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Current Affairs for UPSC IAS Exam – 24 March 2021 | Legacy IAS Academy


  1. Standing External Advisory Committee (SEAC)
  2. EPF cap raised by FM, Discussing GST on fuel
  3. Indus water panel holds meeting
  4. China, Russia: New regional security dialogue platform
  5. India abstains in UNHRC vote on Sri Lanka



The Reserve Bank of India (RBI) has set up a five-member committee – called the Standing External Advisory Committee (SEAC) – for evaluating applications for universal banks and small finance banks.


GS-III: Indian Economy (Economic Development of India, Macroeconomics, Banking and NBFCs)

Dimensions of the Article:

  1. About the Standing External Advisory Committee (SEAC)
  2. Background on Setting up of SEAC
  3. What are Universal Banks?
  4. What are Small Finance Banks (SFBs)?

About the Standing External Advisory Committee (SEAC)

  • The Standing External Advisory Committee (SEAC) comprising eminent persons with experience in banking, financial sector and other relevant areas, will evaluate the applications thereafter.
  • The SEAC has a three-year tenure.
  • The SEAC will evaluate the applications for universal banks and SFBs after the RBI evaluates them first to ensure prima facie eligibility of the applicants.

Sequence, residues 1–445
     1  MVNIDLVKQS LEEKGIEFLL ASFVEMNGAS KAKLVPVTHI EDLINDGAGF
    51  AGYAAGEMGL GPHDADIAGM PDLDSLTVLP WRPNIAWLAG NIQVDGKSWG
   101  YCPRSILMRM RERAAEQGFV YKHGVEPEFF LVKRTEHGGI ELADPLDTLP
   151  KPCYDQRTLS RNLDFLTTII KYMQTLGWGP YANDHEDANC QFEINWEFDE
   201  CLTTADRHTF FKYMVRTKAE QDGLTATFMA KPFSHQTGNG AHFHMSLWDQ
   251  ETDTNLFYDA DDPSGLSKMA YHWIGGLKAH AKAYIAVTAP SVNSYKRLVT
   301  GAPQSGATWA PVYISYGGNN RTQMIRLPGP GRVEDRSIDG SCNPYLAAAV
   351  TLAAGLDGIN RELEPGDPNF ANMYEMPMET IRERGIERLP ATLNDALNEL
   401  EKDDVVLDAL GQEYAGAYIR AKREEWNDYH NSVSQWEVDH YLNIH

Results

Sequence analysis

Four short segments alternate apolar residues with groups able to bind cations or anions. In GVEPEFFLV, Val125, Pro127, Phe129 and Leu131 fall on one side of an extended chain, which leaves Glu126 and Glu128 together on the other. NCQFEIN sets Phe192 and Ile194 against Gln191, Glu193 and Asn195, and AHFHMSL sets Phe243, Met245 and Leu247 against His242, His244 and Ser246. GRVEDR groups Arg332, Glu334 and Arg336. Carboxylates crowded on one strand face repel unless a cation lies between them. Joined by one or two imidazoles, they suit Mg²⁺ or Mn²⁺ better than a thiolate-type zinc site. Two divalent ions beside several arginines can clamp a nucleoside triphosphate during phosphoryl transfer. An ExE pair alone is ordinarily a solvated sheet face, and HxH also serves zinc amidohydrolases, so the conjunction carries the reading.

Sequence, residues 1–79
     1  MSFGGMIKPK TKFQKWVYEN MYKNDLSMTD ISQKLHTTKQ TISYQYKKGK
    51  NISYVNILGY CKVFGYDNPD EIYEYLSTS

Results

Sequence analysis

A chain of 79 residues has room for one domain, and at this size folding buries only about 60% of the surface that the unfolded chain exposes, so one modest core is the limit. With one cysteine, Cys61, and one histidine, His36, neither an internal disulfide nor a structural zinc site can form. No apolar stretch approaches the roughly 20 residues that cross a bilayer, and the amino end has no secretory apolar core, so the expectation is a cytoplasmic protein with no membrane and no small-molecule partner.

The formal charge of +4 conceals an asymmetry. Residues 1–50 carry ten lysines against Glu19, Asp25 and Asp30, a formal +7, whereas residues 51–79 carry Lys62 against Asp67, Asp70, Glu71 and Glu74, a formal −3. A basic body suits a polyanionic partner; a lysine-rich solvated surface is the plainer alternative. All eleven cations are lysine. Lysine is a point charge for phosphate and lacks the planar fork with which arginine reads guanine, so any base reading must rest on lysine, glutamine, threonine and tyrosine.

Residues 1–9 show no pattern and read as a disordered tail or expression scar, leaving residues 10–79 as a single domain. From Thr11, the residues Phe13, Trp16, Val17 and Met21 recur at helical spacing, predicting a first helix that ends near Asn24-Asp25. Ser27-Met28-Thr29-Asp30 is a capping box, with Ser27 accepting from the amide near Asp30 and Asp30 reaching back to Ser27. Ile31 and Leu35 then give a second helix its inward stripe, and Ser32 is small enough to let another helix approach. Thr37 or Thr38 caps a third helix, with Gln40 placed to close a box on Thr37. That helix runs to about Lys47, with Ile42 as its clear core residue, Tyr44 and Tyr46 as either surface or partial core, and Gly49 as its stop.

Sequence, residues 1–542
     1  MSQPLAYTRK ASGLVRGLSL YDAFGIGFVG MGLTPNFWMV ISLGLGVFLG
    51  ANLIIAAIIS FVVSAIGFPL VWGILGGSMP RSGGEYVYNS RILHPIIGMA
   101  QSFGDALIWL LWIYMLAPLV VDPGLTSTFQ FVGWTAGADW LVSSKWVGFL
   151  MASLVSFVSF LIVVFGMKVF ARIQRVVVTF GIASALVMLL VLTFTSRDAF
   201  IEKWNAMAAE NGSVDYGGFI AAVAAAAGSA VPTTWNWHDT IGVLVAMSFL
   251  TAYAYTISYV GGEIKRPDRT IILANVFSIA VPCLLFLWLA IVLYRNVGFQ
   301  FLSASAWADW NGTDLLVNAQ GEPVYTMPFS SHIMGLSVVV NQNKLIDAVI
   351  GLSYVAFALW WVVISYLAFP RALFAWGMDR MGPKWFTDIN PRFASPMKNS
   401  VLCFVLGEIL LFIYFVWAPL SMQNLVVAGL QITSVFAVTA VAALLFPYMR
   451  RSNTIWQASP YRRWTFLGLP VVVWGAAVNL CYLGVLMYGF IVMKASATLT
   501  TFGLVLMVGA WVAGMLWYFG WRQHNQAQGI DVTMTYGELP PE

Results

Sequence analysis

• The secretarial support to the committee would be provided by RBI’s Department of Regulation.

Background on Setting up of SEAC

  • An internal working group of the RBI, proposed an overhaul of the licensing policy for private banks in 2020 and suggested allowing large corporate and industrial houses to float banks in India after suitable amendments to the Banking Regulation Act.
  • Although several large corporate houses had applied for a banking license in the past, the regulator had rejected these proposals.
  • Eminent economists have criticised the proposal to allow corporate houses to float banking entities, saying it will lead to “connected lending” which, according to them, is “invariably disastrous”.

What are Universal Banks?

  • Universal Banks are those banks which undertake multiple financial activities under one roof, thereby creating a financial supermarket (like: commercial banks, Financial Institutions, Non-Banking Financial Companies (NBFCs)).